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CD Review: The Eel

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Jeremy Baum The Eel

(2013, Flying Yak Records)

The title track of Woodstock-born keyboard wizard Jeremy Baum's latest outing, The Eel, is a funky barnburner with a Hendrix-inspired guitar solo—courtesy of Myles Mancuso—that perfectly encapsulates everything that's great about the album: For all of its eclecticism and genre hopping, The Eel remains rooted in greasy soul jazz. Baum's career, which features stints from artists ranging from Levon Helm to Shemekia Copeland, is a testament to his comfort in a variety of musical settings. On The Eel, he tackles a strong set of originals and covers with a changing lineup of sidemen, including guitarists Mancuso, Chris Vitarello, and Scott Sharrard, drummers Eric Kalb and Chris Redden, and reedsman Jay Collins.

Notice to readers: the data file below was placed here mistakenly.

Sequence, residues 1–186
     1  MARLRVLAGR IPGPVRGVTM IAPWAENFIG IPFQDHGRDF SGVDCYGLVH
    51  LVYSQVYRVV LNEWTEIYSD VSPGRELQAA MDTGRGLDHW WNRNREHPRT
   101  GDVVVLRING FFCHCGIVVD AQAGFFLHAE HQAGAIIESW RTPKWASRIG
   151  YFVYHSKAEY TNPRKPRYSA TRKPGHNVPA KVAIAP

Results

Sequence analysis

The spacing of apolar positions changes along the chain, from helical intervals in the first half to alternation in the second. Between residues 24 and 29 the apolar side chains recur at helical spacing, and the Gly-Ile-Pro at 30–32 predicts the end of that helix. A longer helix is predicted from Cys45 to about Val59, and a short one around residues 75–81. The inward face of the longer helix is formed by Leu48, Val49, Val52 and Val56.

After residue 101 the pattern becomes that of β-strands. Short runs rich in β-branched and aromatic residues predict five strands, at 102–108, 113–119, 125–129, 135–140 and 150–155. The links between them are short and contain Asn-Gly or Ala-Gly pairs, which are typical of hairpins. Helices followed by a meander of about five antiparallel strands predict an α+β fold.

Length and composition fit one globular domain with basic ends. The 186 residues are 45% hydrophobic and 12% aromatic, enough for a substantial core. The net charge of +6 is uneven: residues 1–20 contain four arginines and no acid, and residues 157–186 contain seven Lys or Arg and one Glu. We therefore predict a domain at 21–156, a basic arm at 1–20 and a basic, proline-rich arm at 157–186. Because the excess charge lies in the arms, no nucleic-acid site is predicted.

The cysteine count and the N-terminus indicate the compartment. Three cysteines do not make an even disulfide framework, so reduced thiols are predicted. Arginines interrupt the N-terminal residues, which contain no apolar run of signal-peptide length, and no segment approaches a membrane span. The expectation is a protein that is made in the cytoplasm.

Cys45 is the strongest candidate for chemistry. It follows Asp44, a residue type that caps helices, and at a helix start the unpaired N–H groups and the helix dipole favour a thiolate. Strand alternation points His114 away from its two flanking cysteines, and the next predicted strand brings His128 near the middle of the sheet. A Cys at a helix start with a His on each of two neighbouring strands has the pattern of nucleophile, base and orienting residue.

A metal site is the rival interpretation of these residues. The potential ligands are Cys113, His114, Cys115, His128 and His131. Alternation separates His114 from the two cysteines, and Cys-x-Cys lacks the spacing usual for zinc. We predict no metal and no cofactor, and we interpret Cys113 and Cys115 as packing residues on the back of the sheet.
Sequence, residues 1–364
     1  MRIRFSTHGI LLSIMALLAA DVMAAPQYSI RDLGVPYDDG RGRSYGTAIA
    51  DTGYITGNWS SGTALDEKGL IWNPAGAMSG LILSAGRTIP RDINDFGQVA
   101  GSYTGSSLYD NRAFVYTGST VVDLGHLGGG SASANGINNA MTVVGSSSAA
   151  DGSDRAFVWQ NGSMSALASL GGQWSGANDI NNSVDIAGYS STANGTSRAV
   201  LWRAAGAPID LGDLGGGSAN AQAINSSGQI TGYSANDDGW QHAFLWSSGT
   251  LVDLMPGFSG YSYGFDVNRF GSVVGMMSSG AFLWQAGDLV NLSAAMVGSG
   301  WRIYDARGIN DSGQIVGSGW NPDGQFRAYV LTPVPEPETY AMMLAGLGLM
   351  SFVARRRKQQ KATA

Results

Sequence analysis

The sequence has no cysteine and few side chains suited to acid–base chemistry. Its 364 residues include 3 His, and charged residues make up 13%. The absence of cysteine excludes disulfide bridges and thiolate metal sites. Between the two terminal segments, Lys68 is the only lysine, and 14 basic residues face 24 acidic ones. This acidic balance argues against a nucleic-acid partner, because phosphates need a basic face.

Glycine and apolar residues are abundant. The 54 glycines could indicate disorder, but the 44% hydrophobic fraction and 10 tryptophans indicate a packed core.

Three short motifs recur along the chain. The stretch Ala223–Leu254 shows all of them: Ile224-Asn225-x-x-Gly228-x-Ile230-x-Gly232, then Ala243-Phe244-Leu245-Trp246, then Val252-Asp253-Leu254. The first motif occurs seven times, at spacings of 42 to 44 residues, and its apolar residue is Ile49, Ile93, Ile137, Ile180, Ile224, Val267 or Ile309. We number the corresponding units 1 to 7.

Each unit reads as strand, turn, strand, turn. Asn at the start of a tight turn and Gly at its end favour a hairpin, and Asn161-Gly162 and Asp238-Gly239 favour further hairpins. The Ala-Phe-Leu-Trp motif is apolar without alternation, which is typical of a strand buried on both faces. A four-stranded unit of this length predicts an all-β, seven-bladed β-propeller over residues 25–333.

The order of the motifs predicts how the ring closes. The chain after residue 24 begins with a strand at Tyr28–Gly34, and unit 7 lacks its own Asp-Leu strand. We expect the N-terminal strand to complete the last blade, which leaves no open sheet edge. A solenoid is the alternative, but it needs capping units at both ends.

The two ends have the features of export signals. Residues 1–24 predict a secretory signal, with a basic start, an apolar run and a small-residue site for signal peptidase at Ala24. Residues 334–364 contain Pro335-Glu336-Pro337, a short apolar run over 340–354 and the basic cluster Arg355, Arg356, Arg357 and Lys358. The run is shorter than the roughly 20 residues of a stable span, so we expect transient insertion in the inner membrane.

It is an indication of Baum's skill as a leader that the album coheres as well as it does, especially given the wide-ranging musical territory he covers. There is a gentle acoustic reading of Orleans's soft-rock staple "Dance with Me" featuring the harmonica of Dennis Gruenling, while the original "Three More Bottles" features guest vocals from Chris O'Leary and some Allen Toussaint-esque piano from Baum, bringing to mind a different kind of Orleans. Covers of Beck's "The New Pollution" and James Brown's "Aint It Funky Now" allow Baum to let loose with his funky organ chops. Perhaps the most remarkable performance, however, is the gorgeous reading of Prince's anthemic "Purple Rain," on which Vitarello's guitar soars. There is a great deal to enjoy on Baum's latest. Don't let it slip away. Jeremybaum.com

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